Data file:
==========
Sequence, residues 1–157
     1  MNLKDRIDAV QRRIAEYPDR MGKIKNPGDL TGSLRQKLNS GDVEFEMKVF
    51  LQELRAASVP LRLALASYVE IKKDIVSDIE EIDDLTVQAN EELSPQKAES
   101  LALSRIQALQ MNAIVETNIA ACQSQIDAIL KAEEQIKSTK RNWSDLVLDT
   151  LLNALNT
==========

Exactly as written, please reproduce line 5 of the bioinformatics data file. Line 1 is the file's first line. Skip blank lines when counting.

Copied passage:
   151  LLNALNT